CELA provided comments on the federal government’s notice of intent to develop regulations regarding formaldehyde. Formaldehyde has been listed toxic under Schedule 1 of the Canadian Environmental Protection Act, and there are a range of health impacts associated with various levels of exposure such as irritation of the eyes, nose, and throat, to worsening asthma symptoms, to causing respiratory symptoms and allergic sensitivity in children. Our submission included seven recommendations including requiring regulations on formaldehyde in wood products, adopting stringent regulatory measures similar to the U.S. emission measures on formaldehyde, keeping strict timelines that prevent Canada from being a recipient for products that are in non-compliance in the U.S., and developing a comprehensive regulatory strategy to phase out formaldehyde from all industrial and consumer applications.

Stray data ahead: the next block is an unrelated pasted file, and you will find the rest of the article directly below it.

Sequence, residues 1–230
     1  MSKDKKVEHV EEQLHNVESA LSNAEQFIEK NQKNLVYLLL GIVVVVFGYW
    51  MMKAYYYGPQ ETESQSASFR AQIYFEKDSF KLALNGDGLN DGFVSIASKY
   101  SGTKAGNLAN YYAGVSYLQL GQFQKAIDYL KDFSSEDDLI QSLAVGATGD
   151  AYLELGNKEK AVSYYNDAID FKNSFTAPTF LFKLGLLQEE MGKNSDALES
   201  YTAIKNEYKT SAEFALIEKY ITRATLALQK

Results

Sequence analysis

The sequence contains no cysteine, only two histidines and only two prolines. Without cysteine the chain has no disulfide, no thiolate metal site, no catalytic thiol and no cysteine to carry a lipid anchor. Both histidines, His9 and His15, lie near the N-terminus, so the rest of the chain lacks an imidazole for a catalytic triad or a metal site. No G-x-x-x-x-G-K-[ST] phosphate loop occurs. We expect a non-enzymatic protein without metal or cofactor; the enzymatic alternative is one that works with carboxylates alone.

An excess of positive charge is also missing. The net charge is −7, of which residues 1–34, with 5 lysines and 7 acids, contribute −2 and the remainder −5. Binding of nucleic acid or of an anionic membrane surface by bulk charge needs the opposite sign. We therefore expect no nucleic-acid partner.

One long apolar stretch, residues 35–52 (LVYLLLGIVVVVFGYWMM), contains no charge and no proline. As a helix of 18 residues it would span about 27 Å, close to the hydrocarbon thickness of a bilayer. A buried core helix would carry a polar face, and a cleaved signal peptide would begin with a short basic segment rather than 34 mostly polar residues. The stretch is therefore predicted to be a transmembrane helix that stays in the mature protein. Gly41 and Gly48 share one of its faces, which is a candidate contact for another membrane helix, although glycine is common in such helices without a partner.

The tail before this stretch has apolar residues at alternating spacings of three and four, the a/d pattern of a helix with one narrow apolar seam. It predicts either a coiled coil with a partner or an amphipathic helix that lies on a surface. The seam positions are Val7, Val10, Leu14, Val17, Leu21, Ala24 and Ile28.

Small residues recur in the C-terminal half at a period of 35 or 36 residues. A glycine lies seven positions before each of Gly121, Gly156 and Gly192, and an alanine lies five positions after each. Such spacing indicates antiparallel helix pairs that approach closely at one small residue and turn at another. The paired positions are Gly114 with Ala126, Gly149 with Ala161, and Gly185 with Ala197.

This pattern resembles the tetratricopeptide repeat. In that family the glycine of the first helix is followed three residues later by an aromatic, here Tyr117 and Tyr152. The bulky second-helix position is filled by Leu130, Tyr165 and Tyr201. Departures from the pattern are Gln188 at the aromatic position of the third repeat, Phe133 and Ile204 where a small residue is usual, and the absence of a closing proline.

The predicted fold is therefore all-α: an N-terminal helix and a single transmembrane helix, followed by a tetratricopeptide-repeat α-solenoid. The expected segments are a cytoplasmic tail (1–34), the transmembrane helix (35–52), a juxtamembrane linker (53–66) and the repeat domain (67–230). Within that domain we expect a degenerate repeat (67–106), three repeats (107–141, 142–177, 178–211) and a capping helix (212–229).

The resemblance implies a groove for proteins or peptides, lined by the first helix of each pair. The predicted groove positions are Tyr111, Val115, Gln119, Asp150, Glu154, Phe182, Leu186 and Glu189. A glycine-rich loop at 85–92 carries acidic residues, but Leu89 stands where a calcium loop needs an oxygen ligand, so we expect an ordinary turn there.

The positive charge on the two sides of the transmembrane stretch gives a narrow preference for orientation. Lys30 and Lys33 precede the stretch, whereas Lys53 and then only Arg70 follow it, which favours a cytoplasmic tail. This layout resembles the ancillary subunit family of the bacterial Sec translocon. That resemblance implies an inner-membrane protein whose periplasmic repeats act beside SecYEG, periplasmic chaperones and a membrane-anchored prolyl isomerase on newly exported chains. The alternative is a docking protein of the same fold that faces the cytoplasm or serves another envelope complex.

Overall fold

(Photo credit: Dominic Ali/CELA)
Strengthening aggregate fees and royalties
Along with Ontario Nature and Environmental Defence, CELA made a submission on proposed changes to Regulation 244/97 (under the Aggregate Resources Act) regarding aggregate fees and royalties. We made several recommendations such as increasing the fees to address identified shortfalls in inspection and enforcement, regularly reviewing the adequacy of the fees, and ensuring that the proportion of the fees allocated to the Aggregate Resources Trust supports the rehabilitation of abandoned pits and quarries in a reasonable time frame.
Supporting Oxford County’s embrace of renewables
CELA joined other environmental organizations in asking Ontario’s Minister of Energy to recognize and support Oxford County’s commitment to fight climate change by going 100 per cent renewable in the next Long-Term Energy Plan. We specifically requested that the Minister instruct the Ontario Energy Board and Hydro-One to support Oxford County’s proposed Virtual Net Metering demonstration project.
Real-time sewer overflows now being reported in Kingston